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I appreciate that you can use humor over a mistake you made and use that to move on.  But I would also like to say that you can point out your own mistake to the students and present it as a "why did I make that mistake, what can I learn from it, and what can I do to avoid it in the future" - this creates open discussion and a vital need for communication that can translate into the field.

Being consistent in your expectations is so important - if you give consequences, you must follow through with them.

I appreciate the strategies used to deal with difficult students, especially as the class progresses and personality types become more center stage.

I like that being realistic with expectation and putting those out on the first class can help to set the tone for the rest of the class.

I have learned that providing students course content and expectations through the syllabus is critical. It becomes a plumb line for the student's success in the course. I also have learned that open communication is key between student and instructor and amongst peers to promote teamwork.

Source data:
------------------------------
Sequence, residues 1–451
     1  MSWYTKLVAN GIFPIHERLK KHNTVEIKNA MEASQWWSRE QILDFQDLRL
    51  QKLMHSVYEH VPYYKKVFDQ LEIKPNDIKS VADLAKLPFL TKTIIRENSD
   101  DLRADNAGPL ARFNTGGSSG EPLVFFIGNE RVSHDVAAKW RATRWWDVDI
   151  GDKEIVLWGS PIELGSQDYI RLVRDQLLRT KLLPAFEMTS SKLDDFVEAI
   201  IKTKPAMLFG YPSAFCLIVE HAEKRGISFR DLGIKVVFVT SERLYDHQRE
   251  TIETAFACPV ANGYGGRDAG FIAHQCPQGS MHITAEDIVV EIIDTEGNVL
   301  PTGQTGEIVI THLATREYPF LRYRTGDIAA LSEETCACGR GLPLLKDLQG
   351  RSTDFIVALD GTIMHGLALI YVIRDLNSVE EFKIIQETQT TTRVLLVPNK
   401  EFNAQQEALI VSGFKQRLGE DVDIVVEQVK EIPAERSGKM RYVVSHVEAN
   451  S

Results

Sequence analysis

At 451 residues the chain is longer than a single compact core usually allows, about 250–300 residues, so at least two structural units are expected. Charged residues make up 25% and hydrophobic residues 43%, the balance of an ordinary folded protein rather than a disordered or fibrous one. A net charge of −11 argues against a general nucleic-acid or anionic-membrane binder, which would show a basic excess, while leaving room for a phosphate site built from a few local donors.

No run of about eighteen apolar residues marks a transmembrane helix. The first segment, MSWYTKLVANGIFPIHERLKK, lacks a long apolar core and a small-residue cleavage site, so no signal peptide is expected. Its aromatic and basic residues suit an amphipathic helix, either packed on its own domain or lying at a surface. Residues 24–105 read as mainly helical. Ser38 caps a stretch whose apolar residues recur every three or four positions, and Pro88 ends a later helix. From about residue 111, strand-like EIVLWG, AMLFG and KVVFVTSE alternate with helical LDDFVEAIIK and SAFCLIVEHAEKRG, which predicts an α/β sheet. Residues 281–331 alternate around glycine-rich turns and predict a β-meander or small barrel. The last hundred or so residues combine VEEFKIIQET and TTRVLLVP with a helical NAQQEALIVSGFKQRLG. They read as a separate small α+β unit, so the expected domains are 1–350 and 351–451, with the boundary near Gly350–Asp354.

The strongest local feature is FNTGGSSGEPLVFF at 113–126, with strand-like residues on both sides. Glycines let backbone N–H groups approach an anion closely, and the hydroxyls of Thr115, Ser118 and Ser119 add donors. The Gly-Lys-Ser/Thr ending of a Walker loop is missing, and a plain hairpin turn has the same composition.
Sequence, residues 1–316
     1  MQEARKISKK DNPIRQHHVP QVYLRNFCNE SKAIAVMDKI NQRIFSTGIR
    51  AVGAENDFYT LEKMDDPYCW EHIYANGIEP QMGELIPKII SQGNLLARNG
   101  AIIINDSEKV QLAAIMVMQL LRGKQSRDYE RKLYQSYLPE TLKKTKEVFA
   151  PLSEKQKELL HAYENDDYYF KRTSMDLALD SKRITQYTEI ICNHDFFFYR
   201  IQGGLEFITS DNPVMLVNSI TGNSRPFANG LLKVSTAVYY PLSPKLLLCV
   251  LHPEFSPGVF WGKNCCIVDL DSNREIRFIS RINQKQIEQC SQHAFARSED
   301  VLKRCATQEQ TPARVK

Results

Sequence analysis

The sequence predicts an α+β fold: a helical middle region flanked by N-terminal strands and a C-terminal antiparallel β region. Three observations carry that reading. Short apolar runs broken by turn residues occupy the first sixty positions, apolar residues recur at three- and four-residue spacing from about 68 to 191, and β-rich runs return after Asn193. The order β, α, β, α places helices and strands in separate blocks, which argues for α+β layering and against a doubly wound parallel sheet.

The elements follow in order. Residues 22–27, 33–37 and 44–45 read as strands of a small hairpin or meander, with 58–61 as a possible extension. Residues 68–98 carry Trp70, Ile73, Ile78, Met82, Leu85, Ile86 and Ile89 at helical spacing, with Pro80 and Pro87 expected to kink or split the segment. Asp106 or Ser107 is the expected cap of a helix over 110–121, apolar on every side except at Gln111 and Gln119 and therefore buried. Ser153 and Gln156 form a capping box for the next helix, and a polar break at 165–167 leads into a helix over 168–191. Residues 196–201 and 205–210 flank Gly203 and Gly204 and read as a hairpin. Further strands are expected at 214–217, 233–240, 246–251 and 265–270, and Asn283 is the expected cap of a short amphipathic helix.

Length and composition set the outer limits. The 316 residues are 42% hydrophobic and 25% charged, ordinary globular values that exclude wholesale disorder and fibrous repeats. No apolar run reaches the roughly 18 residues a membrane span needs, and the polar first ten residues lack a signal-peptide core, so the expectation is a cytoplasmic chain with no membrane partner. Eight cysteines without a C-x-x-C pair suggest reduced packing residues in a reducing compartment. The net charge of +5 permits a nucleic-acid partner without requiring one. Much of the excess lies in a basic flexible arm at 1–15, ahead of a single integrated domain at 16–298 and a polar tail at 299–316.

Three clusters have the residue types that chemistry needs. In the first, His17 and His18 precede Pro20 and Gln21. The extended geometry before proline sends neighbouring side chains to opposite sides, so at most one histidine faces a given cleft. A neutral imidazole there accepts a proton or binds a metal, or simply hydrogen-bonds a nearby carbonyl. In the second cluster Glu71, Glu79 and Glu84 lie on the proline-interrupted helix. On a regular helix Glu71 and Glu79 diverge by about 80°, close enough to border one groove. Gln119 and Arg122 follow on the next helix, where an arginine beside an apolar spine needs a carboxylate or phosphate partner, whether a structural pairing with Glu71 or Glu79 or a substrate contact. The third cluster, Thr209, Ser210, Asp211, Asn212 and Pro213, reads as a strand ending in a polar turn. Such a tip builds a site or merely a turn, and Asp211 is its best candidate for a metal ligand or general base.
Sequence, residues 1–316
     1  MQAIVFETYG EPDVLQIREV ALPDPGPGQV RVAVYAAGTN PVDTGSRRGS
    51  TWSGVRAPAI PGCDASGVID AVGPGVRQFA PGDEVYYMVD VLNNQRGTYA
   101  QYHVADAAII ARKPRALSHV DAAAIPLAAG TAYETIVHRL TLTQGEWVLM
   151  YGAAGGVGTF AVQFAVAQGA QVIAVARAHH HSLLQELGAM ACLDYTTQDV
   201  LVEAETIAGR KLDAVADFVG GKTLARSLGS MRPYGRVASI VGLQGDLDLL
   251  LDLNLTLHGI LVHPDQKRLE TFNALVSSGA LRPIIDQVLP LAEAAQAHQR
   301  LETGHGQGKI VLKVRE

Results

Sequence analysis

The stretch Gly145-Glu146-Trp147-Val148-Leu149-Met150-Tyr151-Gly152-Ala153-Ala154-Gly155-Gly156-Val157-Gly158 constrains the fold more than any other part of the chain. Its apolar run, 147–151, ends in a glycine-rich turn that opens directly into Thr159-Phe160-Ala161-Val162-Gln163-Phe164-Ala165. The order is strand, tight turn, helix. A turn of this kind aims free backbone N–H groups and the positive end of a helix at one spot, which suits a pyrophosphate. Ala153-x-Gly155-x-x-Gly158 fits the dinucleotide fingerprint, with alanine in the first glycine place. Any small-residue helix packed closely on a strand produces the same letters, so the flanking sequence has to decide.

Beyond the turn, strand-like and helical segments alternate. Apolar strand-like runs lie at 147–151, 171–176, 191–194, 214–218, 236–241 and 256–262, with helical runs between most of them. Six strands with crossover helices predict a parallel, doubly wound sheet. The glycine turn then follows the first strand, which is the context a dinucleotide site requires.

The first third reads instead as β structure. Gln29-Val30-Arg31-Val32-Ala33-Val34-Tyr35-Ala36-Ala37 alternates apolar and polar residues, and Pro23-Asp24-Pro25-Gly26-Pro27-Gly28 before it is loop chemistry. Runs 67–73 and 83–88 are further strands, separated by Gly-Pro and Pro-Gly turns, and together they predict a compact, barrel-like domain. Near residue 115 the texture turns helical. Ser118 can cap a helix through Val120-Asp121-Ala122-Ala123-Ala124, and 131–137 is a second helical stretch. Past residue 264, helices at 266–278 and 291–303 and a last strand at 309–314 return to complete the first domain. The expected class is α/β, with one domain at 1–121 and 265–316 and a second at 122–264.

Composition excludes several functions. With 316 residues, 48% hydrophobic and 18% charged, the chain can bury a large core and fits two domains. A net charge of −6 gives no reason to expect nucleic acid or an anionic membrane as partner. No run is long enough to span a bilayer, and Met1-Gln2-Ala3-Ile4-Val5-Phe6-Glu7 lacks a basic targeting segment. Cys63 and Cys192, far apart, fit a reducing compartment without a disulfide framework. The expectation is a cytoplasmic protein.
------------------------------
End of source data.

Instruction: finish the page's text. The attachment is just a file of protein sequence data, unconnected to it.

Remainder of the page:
Reduce stress by maintaining a to-do list and prioritizing it. Stay organized will increase productivity and getting more done. 

Reviewing the syllabus with clear expectations and rationals is always useful at the beginning of a class. I also like the idea of ice breakers and letting the students know WIIFM.

It is important to not just ignore stress. It will not go away on it's own and will in fact only get worse over time without proper intervention. 

Making to-do lists is a great way to help with time management. 

Overplanning and overpreparing are far better than the opposite. Mistakes will happen, but being prepared will help you navigate and overcome these obstacles. 

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